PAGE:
6.1.2 Safety. Refer to the Recommendations for entering enclosed spaces aboard ships (resolution A.864(20)), as amended, and ISGOTT9. It is an absolute requirement that all of the ship's safety and tank entry procedures and policies are adhered to. When a ship is out of service, in a ship yard repair, local regulations apply regarding safety. The ship yard is responsible for their implementation. 6.1.3 Tank cleaning. Successful tank cleaning requires longer termed planning ahead, even for previous voyages to ensure concentrated Crude Oil Washing (COW) is carried out at the port(s) of discharge for the relevant cargo tanks. Especial attention should be given to tanks and areas to be cleaned and treated. 6.1.4 Subsequent to COW of the relevant tanks, water washing, that may include the use of suitable tank cleaning detergent, and the use of fresh water, will be required. If deadweight and draft limitations of preceding voyage allow collecting substantial quantities of fresh water from rivers or other sources, this will make for a much more successful water washing as it will limit the salt contamination of tank surfaces and facilitate hand washing during surface preparations. The aim of the tank cleaning is to provide surfaces without oil residues on areas to be repaired. 6.1.5 The shipowner's office must be contacted to confirm availability and reserve capacity for oily tank washings disposal ashore at subsequent ports. Similar good communication and co-operation will also be required even for programmed coating repairs. 6.1.6 Special care must be taken during the use of solvents and detergents which are essential to ensure oil free surfaces for good adhesion of future coats. Due consideration should be paid to the disposal of these solvents and detergents from the view points of protection and environment. The gases released to the tank atmosphere by these solvents are explosive and toxic or poisonous and should be removed as fast as possible from the tank atmosphere. Thus venting and gas freeing equipment and procedures as recommended in ISGOTT should be established. 6.1.7 When possible, control of the relative humidity during actual application of coating would increase the longevity of the coating and its adherence to the structure. Dehumidification is usually only an option during repairs alongside at an organized repair facility. 6.1.8 Staging must be arranged to allow good access to all surfaces. Staging must be arranged according to prevailing safety regulations. Staging poles and working platforms should be placed in a distance from the surface to provide suitable work space for all subsequent operations, special care should be taken secure access to corrugated bulkheads. 6.1.9 Salt contamination will cause accelerated deterioration of the coating if not removed prior to coating application. A recommended procedure to reduce salt contamination is to remove loose rust scale followed by thorough fresh water rinsing, preferably at elevated temperatures and high pressure. Test the salt content after washing and before coating using standard ISO 8502-9 or other equivalent method10 and rewash if necessary. Observe, that salt contamination is concentrated in pits on pitted surfaces and the use of ISO 8502-6 and ISO 8502-9 may result in misleading results. This should be the starting point in any surface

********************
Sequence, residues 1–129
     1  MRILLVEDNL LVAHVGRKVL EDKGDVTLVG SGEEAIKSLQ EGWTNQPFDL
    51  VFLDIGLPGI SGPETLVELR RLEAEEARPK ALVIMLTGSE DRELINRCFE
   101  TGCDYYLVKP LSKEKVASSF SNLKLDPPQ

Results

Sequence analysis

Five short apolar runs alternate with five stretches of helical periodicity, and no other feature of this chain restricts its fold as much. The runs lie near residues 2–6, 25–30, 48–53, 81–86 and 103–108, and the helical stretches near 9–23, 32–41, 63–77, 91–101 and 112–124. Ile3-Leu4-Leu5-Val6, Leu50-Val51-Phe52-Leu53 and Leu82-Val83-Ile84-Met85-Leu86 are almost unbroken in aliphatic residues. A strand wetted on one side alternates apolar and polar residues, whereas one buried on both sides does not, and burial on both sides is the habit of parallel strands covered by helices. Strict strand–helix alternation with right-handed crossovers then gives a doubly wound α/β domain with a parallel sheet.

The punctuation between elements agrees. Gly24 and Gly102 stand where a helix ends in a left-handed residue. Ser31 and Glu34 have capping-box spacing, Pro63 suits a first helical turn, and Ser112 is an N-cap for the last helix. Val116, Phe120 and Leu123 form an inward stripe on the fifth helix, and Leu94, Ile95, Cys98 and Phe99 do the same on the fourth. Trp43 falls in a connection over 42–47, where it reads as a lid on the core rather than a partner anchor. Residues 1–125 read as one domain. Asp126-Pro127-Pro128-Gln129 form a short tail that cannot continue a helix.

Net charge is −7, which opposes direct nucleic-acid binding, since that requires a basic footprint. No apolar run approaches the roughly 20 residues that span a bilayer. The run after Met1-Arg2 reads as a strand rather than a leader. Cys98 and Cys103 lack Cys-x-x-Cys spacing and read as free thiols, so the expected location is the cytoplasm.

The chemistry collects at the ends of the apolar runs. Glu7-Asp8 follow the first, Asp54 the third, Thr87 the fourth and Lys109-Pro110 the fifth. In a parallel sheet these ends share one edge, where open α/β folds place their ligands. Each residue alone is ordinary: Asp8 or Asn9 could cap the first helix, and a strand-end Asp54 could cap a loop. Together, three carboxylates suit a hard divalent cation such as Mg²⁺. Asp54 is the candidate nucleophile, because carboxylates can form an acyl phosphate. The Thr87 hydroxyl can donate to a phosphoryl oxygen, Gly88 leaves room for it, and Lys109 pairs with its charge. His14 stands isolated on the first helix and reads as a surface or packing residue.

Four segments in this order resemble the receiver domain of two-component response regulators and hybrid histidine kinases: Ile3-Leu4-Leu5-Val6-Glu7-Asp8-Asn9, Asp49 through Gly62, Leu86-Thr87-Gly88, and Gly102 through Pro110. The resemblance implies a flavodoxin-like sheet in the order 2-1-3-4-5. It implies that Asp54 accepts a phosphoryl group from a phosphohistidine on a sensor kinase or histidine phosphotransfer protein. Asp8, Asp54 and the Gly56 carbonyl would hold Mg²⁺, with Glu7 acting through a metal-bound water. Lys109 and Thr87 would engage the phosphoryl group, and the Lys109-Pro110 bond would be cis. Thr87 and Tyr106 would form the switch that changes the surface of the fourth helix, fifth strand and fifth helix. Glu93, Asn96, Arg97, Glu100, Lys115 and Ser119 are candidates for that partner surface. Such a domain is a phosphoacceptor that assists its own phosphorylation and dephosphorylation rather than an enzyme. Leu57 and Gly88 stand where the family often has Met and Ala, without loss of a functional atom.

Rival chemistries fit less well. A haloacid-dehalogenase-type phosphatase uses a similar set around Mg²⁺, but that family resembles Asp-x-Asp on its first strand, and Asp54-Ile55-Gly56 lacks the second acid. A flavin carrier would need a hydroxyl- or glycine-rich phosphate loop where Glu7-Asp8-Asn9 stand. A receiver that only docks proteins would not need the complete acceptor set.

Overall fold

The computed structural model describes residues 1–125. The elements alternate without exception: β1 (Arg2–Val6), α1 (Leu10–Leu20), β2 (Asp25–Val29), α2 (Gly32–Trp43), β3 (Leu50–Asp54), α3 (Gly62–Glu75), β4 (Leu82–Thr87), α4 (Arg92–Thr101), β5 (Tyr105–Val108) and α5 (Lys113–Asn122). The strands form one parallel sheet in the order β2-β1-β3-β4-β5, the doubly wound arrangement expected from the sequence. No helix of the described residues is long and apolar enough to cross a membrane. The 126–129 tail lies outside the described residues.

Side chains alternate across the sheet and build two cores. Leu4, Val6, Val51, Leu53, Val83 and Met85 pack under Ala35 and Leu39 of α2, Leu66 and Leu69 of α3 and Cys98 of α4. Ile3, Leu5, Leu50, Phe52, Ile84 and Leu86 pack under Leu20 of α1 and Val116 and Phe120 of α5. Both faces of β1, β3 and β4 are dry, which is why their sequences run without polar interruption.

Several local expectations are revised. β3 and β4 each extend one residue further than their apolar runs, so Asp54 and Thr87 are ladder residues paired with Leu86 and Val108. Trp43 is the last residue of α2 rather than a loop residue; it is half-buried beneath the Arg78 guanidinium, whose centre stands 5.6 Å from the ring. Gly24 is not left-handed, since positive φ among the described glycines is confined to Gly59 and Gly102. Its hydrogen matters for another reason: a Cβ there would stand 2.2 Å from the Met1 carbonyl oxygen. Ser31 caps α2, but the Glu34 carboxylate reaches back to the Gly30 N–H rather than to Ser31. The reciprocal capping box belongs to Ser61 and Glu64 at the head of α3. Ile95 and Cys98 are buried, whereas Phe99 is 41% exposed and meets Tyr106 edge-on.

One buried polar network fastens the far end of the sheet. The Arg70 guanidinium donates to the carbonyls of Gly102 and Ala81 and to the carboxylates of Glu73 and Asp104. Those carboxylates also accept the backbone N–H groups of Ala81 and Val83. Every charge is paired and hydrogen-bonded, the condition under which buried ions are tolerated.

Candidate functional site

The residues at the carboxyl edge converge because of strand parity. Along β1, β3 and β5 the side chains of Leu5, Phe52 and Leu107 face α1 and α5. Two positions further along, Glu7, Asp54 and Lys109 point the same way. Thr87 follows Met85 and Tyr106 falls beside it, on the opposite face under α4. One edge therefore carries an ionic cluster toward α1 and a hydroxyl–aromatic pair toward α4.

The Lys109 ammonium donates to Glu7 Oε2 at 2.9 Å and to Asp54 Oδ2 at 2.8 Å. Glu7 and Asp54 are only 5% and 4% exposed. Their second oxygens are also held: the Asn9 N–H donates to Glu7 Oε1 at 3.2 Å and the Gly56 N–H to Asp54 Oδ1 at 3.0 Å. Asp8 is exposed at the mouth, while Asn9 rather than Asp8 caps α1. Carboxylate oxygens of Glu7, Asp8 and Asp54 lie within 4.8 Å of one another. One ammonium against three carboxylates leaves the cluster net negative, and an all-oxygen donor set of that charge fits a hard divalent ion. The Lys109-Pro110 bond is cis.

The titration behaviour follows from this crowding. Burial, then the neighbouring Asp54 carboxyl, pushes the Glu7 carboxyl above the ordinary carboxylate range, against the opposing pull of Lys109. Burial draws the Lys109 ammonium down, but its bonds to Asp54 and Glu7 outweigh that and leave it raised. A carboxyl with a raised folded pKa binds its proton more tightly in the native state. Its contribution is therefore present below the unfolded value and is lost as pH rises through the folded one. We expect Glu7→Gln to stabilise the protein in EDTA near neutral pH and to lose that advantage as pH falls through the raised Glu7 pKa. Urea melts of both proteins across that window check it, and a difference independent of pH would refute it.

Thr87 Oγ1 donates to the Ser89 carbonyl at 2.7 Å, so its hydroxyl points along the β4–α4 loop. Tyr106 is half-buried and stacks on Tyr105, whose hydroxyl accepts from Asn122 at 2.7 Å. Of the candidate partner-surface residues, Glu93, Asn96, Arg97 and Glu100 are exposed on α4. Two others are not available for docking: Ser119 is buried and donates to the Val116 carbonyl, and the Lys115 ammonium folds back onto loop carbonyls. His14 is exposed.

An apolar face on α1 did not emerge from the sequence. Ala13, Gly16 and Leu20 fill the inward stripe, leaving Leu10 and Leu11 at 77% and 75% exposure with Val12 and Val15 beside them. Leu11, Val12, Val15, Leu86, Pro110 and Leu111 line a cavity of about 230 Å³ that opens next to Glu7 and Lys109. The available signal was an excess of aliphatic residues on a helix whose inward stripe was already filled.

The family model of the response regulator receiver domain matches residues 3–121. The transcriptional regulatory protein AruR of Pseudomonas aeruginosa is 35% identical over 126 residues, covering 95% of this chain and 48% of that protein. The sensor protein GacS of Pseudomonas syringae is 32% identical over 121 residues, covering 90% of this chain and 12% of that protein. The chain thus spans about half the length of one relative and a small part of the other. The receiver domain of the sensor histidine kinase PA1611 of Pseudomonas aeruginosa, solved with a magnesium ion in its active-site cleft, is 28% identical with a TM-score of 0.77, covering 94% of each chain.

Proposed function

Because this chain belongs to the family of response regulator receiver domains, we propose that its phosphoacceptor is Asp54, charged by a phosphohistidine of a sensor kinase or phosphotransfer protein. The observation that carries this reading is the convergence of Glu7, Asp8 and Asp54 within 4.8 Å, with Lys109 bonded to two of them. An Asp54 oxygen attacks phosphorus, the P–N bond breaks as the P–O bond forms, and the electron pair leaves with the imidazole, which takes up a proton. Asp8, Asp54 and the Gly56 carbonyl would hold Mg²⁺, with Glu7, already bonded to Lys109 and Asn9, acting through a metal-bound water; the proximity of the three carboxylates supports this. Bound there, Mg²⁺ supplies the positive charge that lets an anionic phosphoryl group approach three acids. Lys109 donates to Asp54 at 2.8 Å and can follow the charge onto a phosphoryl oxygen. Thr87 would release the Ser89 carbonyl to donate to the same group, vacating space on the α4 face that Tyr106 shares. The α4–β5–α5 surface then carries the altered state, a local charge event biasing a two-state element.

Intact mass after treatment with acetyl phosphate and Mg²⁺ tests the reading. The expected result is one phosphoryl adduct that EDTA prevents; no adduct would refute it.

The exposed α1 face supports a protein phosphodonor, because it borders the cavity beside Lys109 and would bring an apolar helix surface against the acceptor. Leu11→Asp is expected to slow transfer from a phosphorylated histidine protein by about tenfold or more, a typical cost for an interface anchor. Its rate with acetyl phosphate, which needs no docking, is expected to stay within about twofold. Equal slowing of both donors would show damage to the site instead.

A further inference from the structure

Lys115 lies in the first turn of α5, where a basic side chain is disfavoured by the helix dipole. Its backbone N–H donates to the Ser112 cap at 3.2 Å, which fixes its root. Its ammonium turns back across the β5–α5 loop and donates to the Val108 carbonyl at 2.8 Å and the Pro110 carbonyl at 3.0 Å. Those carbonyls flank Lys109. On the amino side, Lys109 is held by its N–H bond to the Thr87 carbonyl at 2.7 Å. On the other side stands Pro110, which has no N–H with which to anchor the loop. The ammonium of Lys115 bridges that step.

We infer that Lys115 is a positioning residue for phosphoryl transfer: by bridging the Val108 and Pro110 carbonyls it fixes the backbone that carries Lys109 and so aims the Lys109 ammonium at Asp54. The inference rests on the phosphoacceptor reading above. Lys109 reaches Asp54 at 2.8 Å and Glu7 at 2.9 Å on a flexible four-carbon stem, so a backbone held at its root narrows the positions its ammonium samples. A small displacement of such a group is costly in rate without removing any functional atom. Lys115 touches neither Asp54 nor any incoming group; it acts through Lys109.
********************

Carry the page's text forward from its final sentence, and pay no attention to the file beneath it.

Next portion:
9 10

Refer to section on entry into enclosed spaces of the current version. Refer to MSC.1/Circ.1381 on Modifications to footnotes in the coating performance standards adopted by resolutions MSC.215(82) and MSC.288(87).